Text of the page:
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Liposome-delivered angiostatin inhibits breast cancer growth and metastasis


Angiogenesis, the growth of new blood vessels, is required for tumours to grow and metastasise. Control of angiogenesis is complex. It is believed that human tumours have the ability early in their natural history to produce factors which 'switch' on angiogenesis. This opens up the possibility of inhibiting tumour growth through inhibiting angiogenesis. One such anti-angiogenic factor is angiostatin, which has already been shown to have significant antitumour growth effect in laboratory animals. How to deliver angiostatin to the tumour, when to initiate therapy and which administration schedule is most effective remain unknown.


To assess the ability of liposome-delivered angiostatin to impact upon tumour growth and metastases in a transgenic mouse model of breast cancer.


This very interesting and important study examines the impact of liposomally-delivered angiostatin in the murine transgenic model of breast cancer. This model has the advantage of being relatively similar to its human counterpart, with tumours developing slowly in an immunocompetent host. The authors found that angiostatin could be easily delivered to the tumour and, more importantly, that the angiostatin affected tumours at sites distant to the injection. In addition, no pulmonary metastases developed in treated mice, a finding one would expect to see if angiostatin does in fact prevent tumour angiogenesis. Interestingly, when treatment commenced at a later time point, when tumours were already clinically detectable, the growth retardation effect of angiostatin was less. This suggests that there may be an optimal time point for the initiation of anti-angiogenic therapies, and this might be when tumour burden is minimal (ie in the adjuvant setting, after surgery). Obviously a lot more work is required but anti-angiogenesis is certainly an exciting antitumour strategy.


Angiostatin cDNA was added to a liposomal transfection agent for injection into MMTV (mouse mammary tumour virus)-neu transgenic mice. There were two sets of experiments, each performed on 2-month-old mice. In the first, the angiostatin was injected into both breasts every 15 days until the mice were 5 months old 'bilateral mice'. In the second, only the right breast was injected 'unilateral mice'. A separate experiment began treatment from age 2.5 months, when tumours are already clinically detectable. At the age of 5 months, mice were sacrificed, and tumours were analysed. The analysis consisted of tumour weight, histopathological examination, tumour vessel density (measured using standard antibody technique with the rat antimouse CD31 antibody), and assessment of angiostatin DNA and RNA. Eight control mice were injected with empty liposomes, and a further five mice were injected with liposomes carrying a grossly deranged endostatin cDNA.


Angiostatin expression was detected in injected tumours at the time of sacrifice, but not in the non-injected tumours of control mice or in the non-injected tumours in unilateral mice. Tumour weight differed significantly between the treated and the control mice. The tumour weights were far less in treated mice whether or not they were directly injected, which implies that the angiostatin exerted a systemic effect, not just a local one. Comparison of tumour weights between the two angiostatin-treated groups showed no significant difference. Tumours in mice treated with angiostatin from age 2.5 months weighed less than those of control mice, but more than those of the mice treated with angiostatin from age 2 months. This suggests that a delay in treatment may affect the outcome. Tumours from mice treated from age 2 months showed a significant decrease in vessel density, and there were no pulmonary metastases detected, whereas six of the eight control mice demonstrated pulmonary metastases. Comparison of tumour weight, with weights recorded in previous experiments with other gene-therapy approaches, demonstrated that angiostatin appears to have the greatest impact in slowing tumour growth.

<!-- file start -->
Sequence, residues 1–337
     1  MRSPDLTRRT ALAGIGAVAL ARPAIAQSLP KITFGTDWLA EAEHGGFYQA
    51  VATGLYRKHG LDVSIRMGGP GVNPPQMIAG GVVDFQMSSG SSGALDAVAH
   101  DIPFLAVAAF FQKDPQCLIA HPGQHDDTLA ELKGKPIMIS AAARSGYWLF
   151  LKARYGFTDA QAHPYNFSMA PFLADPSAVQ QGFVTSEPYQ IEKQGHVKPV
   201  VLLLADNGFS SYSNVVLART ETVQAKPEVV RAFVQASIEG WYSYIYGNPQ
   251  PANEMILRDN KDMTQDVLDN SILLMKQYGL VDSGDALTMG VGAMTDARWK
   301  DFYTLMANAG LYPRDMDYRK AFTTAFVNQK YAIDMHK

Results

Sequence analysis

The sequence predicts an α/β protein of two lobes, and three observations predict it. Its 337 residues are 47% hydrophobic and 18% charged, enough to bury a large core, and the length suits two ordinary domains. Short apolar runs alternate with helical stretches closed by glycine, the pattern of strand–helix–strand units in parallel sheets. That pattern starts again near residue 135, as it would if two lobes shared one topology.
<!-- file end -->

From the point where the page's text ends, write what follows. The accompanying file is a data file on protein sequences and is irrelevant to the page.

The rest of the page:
Liposome-delivered angiostatin has a significant impact upon primary tumour growth and also inhibits the appearance of pulmonary metastases in the transgenic model of breast cancer. It appears to work in a systemic fashion, and there is the suggestion that optimal anti-tumour effect occurs with early administration.

Additional information

Previous work has shown the anti-angiogenic effects of angiostatin.

O'Reilly MS, Holmgren L, Shing Y, Chen C, Rosenthal RA, Moses M, Lane WS, Cao Y, Sage EH, Folkman J: Angiostatin. A novel angiogenesis inhibitor that mediates the suppression of a Lewis lung carcinoma. Cell 1994, 79: 315-28 [Abstract]

Mauceri HJ, Hanna NN, Beckett MA, Gorski DH, Staba MJ, Stellato KA, Bigelow K, Heimann R, Gately S, Dhanabal M, Soff GA, Sukhatme VP, Kufe DW, Weichselbaum RR: Combined effects of angiostatin and ionizing radiation in antitumour therapy. Nature 1998, 394: 287-91 [Abstract]


  1. Sacco MG, Caniatti M, Cato EM, Frattini A, Chiesa G, Ceruti R, Adorni F, Zecca L, Scanziani E, Vezzoni P: Liposome-delivered angiostatin strongly inhibits tumor growth and metastatization in a transgenic model of spontaneous breast cancer. Cancer Res. 2000, 60: 2660-2665.

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de Boer, R. Liposome-delivered angiostatin inhibits breast cancer growth and metastasis. Breast Cancer Res 2, 66686 (2000).

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